COLUMBIA-The next two phases of planned renovations to the Daniel Boone Building will begin in February.
City Council approved phases 2 and 3 of the renovations Tuesday night with little conflict, although some expressed regret over how the planning and fund allocation of the renovations and future construction have been handled.
“I just have a few regrets that I wish we could have done things differently,” said Third Ward Councilman Karl Skala, referring to complaints that there’s been a lack of public discussion on the renovations.
The building bidding through a purchasing agent should start in February. Phase 2 of construction is expected to start in late April or early May and last over an 18-month period with a desired end date of fall 2009. Phase 2 involves the destruction of the annex on Eighth Street and Broadway and the construction of a five-story addition.
“The new addition will be of a nature that is historically compatible with the current Daniel Boone Building,” said Toni Messina, director of communications for the city. “They won’t look exactly alike, but they will be compatible because we respect the historic integrity of this sight.”
After phase 2 is completed, phase 3 will start with the renovation of the current building. It should be completed by fall 2010.
Assistant City Manager Tony St. Romaine oversaw the planning of phase 1, which included renovations to the lobby. Romaine will continue to oversee the building and renovations during the upcoming phases.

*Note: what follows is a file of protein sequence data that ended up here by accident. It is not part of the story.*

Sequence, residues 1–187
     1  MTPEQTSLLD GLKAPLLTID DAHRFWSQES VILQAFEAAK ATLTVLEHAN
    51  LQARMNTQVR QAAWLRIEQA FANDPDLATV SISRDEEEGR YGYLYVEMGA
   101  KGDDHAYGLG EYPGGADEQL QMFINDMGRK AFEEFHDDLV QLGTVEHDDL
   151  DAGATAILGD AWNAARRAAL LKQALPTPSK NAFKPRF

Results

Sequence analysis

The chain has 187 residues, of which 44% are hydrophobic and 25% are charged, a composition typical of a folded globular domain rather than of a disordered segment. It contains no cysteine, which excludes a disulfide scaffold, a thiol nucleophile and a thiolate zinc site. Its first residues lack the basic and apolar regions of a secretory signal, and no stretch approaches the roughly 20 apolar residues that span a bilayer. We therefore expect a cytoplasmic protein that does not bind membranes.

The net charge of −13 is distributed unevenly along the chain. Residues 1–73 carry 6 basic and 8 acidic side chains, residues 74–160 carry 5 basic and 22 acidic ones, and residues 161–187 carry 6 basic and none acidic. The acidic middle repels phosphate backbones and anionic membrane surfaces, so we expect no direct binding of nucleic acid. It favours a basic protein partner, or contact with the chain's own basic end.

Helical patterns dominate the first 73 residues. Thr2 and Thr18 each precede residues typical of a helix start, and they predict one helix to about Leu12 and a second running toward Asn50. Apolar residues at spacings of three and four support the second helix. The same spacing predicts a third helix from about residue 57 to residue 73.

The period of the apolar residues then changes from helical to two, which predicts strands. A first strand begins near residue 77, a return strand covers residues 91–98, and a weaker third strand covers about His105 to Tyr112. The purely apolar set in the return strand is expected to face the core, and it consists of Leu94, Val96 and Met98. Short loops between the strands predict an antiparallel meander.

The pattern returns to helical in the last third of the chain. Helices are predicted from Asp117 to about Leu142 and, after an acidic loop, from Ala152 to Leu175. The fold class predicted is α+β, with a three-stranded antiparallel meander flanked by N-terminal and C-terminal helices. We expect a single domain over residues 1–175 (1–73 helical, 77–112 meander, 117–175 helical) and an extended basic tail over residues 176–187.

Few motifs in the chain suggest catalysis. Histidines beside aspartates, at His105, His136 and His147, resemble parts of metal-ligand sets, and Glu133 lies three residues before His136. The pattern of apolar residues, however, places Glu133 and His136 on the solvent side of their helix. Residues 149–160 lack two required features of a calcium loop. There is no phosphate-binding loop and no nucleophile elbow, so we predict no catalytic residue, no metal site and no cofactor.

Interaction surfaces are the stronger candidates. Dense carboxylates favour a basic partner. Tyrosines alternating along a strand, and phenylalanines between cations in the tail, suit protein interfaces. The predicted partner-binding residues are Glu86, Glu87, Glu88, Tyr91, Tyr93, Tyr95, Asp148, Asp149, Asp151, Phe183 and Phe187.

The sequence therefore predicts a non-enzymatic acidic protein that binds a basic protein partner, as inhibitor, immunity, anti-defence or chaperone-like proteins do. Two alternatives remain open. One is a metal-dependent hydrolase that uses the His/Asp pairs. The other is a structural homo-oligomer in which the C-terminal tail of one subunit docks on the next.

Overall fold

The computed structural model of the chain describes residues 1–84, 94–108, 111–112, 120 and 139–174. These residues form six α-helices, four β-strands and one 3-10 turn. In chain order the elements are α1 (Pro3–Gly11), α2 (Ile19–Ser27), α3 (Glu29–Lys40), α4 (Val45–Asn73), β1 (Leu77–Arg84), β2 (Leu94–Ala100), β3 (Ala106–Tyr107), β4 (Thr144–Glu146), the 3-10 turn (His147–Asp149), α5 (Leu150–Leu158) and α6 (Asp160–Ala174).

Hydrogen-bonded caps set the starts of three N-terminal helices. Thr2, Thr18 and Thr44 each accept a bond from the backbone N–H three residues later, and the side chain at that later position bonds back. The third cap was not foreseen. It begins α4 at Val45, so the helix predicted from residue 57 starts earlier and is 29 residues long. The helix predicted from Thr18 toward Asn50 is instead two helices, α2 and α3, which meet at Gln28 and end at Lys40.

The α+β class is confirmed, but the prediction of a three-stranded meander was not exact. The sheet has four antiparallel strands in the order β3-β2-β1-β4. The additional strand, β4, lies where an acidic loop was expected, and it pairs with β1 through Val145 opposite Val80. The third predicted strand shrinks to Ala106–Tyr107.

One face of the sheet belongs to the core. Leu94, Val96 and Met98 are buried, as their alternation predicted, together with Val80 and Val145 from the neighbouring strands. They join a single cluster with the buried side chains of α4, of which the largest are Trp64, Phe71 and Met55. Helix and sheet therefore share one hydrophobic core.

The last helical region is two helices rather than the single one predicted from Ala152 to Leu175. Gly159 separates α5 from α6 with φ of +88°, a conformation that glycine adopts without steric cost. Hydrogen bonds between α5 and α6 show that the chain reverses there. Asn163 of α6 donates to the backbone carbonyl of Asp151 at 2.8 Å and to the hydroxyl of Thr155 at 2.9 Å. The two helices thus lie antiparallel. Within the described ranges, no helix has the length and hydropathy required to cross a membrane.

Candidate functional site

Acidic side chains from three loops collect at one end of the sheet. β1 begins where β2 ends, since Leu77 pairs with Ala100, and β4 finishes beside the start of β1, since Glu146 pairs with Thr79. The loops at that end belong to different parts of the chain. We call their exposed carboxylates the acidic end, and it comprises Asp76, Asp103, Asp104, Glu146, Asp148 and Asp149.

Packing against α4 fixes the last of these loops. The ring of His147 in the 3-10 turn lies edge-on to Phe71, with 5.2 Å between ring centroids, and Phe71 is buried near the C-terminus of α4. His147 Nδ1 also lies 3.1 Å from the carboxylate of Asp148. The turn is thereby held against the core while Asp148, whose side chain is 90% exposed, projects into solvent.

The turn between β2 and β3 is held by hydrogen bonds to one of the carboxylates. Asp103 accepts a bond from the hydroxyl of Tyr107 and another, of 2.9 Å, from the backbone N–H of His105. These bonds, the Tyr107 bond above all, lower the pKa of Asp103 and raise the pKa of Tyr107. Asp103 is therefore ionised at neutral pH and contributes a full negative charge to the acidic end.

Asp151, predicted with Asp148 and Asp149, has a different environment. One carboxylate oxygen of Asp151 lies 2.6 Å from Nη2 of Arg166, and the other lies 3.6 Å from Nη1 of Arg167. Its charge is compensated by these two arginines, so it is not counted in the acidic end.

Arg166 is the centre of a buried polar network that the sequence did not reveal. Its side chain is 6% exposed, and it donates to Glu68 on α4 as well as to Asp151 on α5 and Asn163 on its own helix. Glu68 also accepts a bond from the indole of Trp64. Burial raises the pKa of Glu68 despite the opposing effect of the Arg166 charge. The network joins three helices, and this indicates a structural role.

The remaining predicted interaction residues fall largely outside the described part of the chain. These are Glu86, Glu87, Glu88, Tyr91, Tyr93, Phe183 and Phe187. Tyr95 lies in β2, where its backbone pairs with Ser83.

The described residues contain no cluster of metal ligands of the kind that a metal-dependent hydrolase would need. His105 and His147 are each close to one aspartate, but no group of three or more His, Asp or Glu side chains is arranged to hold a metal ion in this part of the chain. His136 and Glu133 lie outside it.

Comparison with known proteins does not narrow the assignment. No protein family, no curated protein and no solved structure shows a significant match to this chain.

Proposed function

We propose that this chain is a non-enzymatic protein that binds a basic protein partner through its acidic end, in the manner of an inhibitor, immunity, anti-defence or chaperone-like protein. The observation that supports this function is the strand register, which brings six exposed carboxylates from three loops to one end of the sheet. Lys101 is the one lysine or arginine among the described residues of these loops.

Even with a price tag of $23 million, Romaine contends that the renovations and additions will be worth it in the long run because they’ll end up saving the city money.
“The city pays about $300,000 in lease payments every year, and over time this is going to be more cost beneficial,” he said.
Most citizens who attended the city council meeting went to support the proposed additions and renovations to the current city hall.
“Most of us would prefer to own our home than renting it,” former Forth Ward Councilman Jim Loveless said during the time given for public response.
Overall, all the City Council members supported the next phases of the project.
“I look forward to seeing the first brick go up,” Fifth Ward Councilwoman Laura Nauser said.
Also at the council meeting, the City Council approved an ordinance by a 5-0 vote to install security cameras in the Sixth Street and Cherry Street parking garage and in the Seventh Street and Walnut Street parking garage.
The cost of the new cameras and installation will be $65,400. The annual budget for maintaining the security cameras in all city garages was estimated by City Manager Bill Watkins to be about $50,000, which Watkins said was about double what the city current spends. Watkins said the city had already planned to install cameras in all garages in the next several years, and this was an acceleration of those plans.
Reporter Justin O’ Neil contributed to this story.